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The Shifting Tide

The Shifting Tide
The Shifting Tide

Monk is commissioned to find the stolen ivory from the hold of Clement Louvain’s ocean-going schooner. The river Thames – ‘the longest street in London’- is new territory for Monk, and without the help of the River Police, he does not stand a chance of finding the thief, or even of keeping his own life. Hester’s clinic admits a woman with a mysterious connexion to Louvain. We meet, for the first time, the street-wise Cockney orphan, Scuff, who will feature more in the lives of Hester and Monk.

  • "Anne Perry’s command of story-telling and power of description is terrifyingly real… as if watching live theatre. She has such perception of passion too. A very favourite author." Bangor Chronicle,
  • "Murder, theft and a whiff of the exotic: all the ingredients that Anne Perry needs to weave her magic and conjure up another atmospheric investigation for William Monk. And no one does atmosphere quite as well as Perry; the images of Victorian London which she creates are so rich and thick you could almost grab them by the handful and squeeze out the drops. Perry keeps the reader guessing and puzzling right from the start." Yorkshire Evening Post,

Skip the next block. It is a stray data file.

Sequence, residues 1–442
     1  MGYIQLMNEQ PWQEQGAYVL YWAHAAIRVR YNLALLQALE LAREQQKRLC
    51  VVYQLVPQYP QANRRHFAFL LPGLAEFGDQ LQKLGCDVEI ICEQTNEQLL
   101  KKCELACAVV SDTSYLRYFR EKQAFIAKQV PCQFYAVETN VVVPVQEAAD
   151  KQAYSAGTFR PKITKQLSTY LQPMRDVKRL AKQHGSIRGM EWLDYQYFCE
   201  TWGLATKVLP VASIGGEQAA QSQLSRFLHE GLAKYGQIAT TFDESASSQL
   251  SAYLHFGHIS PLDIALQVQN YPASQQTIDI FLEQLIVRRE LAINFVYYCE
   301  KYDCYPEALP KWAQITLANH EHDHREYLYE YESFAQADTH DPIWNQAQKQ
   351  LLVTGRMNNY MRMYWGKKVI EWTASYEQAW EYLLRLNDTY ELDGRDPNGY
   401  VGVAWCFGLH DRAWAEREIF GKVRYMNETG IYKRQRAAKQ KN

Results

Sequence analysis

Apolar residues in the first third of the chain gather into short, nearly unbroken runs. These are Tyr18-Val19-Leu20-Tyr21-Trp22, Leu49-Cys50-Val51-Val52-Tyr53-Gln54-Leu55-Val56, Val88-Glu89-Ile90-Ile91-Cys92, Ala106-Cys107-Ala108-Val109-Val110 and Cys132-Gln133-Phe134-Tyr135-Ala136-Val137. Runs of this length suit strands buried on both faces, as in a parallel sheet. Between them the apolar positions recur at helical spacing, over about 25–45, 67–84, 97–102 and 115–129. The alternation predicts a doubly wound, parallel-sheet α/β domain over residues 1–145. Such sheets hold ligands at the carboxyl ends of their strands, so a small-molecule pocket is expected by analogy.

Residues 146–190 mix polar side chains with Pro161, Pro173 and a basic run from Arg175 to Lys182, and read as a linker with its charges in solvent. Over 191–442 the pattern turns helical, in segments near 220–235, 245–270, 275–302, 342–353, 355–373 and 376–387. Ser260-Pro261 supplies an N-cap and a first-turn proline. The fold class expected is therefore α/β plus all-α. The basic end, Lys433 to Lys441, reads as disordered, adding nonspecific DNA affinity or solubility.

• "The plot will resonate with fans of Dickens’s riparian novel, Our Mutual Friend. And, as always, Perry uses her characters and story to comment on ethical issues that remain as relevant today as they were in Victorian times. Expect another bestseller." Publishers Weekly,
  • "The suspense becomes almost unbearable and the fiery denouement… is utterly unforgettable. I don’t know what else to say. Anne Perry just keeps getting better and better… The Shifting Tide marks a crucial, transitional episode in both the author’s vision of the Monks’ world and in her characters’ lives. I am completely enamored with this glowing, incredible book, and I can’t wait for the next one.",
  • "With her visionary sensibility, Anne Perry is the master of the ‘you are there’ school of hist-myst storytelling… She doesn’t paint quaint pictures of a distant time; she projects herself into a living moment in the past, opens her eyes and describes what she sees. That sense of immediacy is especially vivid in [this book]… In scenes that could have come out of Dickens’s Our Mutual Friend, Monk wanders the teeming streets and ventures into the perilous river traffic… As the sailor says, ‘River’s full o’ tales’, and Perry knows how to bring them to life." New York Times,